Three laboratories of the DRDO were involved in designing, testing and producing components for the bombs, including the advanced detonators, the implosion and high-voltage trigger systems. These were also responsible for weaponising, systems engineering, aerodynamics, safety interlocks and flight trials.

The bombs were transported in four trucks of the Army under the command of Colonel Umang Kapur; all devices from BARC were relocated at 03:00 hrs on 1 May 1998. From the Chhatrapati Shivaji International Airport, the bombs were flown in an AN-32 plane to the Jaisalmer army base. They were then transported to Pokhran in an army convoy of four trucks in three trips. The devices were delivered to the device preparation building, which was designated as 'Prayer Hall'.


Nuclear Devices and Detonations

The test sites were organised into two underground groups and were fired separately, with all devices in a group fired at the same time. The first group consisted of the thermonuclear device (Shakti I), the fission device (Shakti II), and a sub-kiloton device (Shakti III). The second group consisted of the remaining two sub-kiloton devices Shakti IV and V. It was decided that the first group would be tested on 11 May and the second group on 13 May.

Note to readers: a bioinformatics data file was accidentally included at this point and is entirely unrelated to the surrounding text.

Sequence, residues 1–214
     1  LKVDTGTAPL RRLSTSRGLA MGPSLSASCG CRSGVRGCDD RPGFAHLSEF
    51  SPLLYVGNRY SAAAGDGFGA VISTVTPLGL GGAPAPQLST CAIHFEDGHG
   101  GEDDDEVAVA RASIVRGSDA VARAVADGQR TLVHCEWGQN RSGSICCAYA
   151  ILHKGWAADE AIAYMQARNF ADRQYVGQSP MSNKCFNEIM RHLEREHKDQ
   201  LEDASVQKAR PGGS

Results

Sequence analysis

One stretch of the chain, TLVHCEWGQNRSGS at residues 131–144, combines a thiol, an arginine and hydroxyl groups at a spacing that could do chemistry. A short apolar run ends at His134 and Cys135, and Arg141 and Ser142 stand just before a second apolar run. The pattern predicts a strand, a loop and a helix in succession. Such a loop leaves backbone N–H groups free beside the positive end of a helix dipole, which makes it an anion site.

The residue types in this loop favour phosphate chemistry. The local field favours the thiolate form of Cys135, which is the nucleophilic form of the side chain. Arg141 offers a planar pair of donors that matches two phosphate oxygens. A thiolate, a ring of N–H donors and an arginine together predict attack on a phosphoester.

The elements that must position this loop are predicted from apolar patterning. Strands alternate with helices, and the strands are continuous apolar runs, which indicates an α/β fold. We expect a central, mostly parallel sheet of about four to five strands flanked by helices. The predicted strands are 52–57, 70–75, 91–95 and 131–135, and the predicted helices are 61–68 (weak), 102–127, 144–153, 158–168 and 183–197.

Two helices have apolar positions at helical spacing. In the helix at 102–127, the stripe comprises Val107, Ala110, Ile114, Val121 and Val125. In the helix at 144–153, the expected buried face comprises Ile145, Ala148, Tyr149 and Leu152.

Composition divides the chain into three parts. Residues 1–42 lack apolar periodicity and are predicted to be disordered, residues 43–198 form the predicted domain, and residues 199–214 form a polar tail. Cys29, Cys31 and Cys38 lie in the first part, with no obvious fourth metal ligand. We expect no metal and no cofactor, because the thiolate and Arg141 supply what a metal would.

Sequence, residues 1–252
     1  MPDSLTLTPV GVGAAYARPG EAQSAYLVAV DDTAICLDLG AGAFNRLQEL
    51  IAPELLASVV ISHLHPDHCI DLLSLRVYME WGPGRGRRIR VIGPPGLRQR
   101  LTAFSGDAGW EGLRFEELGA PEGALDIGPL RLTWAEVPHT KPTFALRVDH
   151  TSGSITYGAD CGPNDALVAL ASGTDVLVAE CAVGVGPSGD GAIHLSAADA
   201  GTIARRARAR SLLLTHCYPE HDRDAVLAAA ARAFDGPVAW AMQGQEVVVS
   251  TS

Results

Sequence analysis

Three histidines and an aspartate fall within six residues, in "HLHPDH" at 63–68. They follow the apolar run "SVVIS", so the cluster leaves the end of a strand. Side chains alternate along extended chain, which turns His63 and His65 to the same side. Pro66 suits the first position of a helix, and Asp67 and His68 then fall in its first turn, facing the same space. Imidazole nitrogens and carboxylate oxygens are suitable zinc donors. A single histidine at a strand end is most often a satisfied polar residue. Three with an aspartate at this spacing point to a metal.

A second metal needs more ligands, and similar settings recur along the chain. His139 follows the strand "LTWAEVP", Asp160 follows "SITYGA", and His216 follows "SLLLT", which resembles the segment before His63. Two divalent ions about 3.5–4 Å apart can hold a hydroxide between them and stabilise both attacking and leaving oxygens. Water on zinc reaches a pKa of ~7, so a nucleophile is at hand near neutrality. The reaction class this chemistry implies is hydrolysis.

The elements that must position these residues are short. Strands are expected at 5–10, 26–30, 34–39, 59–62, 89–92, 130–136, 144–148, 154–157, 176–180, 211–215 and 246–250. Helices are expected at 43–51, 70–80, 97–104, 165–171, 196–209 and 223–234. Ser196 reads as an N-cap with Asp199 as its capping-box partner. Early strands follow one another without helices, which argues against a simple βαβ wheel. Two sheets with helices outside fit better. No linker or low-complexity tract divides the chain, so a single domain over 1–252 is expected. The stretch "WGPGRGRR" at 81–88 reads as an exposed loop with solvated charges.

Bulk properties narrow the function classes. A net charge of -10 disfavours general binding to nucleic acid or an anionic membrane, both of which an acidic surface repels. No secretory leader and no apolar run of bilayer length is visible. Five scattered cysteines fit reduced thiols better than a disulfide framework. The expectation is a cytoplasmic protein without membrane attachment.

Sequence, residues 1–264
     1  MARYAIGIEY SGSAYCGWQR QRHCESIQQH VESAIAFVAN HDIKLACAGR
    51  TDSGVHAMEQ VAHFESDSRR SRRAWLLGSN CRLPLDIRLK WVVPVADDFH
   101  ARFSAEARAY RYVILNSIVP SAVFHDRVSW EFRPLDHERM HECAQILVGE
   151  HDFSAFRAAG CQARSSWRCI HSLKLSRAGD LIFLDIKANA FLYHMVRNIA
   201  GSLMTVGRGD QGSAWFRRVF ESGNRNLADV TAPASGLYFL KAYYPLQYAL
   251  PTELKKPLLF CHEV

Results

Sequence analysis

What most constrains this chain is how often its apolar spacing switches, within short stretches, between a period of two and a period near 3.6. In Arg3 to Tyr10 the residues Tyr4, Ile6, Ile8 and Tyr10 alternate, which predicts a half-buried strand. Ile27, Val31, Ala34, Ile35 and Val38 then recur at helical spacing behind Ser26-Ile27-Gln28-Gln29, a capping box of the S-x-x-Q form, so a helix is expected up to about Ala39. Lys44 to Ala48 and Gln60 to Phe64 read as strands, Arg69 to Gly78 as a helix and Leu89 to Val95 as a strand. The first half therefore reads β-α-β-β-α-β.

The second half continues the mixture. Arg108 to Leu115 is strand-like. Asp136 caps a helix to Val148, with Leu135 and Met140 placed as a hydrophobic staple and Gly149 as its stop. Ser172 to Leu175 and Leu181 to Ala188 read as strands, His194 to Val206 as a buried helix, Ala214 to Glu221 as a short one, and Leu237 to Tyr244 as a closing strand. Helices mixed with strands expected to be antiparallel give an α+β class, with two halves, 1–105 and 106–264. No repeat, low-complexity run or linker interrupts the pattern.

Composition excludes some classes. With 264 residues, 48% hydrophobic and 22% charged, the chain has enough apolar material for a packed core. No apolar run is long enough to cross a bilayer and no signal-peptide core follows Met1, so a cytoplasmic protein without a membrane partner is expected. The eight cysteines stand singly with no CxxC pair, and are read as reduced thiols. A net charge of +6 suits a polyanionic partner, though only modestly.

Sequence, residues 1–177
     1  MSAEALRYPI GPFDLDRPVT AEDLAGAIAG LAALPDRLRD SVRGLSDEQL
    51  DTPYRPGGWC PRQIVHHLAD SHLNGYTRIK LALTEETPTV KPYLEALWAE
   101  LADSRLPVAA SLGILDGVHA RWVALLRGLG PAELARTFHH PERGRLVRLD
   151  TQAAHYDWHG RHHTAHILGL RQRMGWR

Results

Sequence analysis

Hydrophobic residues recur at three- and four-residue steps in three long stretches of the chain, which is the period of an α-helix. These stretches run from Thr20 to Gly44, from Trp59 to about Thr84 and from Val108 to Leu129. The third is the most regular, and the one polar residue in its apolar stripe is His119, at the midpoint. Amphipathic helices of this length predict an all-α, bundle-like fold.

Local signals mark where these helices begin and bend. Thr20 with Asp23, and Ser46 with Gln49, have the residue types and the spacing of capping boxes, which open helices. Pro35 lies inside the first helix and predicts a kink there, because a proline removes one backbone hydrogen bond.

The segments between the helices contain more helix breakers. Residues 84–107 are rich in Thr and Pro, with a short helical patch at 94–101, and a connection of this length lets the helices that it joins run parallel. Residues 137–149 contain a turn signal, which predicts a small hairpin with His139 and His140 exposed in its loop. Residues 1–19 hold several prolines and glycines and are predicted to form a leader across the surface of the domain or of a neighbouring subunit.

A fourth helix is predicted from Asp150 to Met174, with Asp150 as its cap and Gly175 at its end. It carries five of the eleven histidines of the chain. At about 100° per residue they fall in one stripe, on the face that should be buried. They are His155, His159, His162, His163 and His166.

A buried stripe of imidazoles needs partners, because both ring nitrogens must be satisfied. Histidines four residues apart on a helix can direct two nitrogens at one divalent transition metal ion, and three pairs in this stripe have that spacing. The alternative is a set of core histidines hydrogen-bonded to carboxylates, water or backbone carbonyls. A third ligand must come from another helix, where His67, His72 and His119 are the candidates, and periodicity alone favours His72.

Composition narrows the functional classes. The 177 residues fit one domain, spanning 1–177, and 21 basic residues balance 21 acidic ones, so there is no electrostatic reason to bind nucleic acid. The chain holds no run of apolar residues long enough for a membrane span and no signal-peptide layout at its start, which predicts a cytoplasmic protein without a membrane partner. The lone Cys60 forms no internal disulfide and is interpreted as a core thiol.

The timing of the tests depended on the local weather conditions, with the wind being the critical factor. By early afternoon, the winds had died down and the test sequence was initiated.

• At 3:43 pm on 11 May, three nuclear devices (specifically, Shakti I, II and III) were detonated simultaneously, as measured by international seismic monitors.

• On 13 May, at 12.21 pm, two sub-kiloton devices (Shakti IV and V) were detonated. Due to their very low yield, these explosions were not detected by any seismic station.

Why did we take so much precaution and extra care to hide our plans and activities? Because we had learnt our bitter lesson in 1974, when Indira Gandhi had asked then Chairman IAEC Dr Homi Sethna, and the team leader of the nuclear weapons program Dr Raja Ramanna to conduct the first nuclear tests, code-named ‘Smiling Buddha’. The world reacted with open hostility in ganging up against us by creating the Nuclear Suppliers Group, which is still keeping India out of this exclusive club.

(The author served as a diplomat in Maldives. This is an opinion piece and the views expressed above are the author’s own. The Quint neither endorses nor is responsible for them.)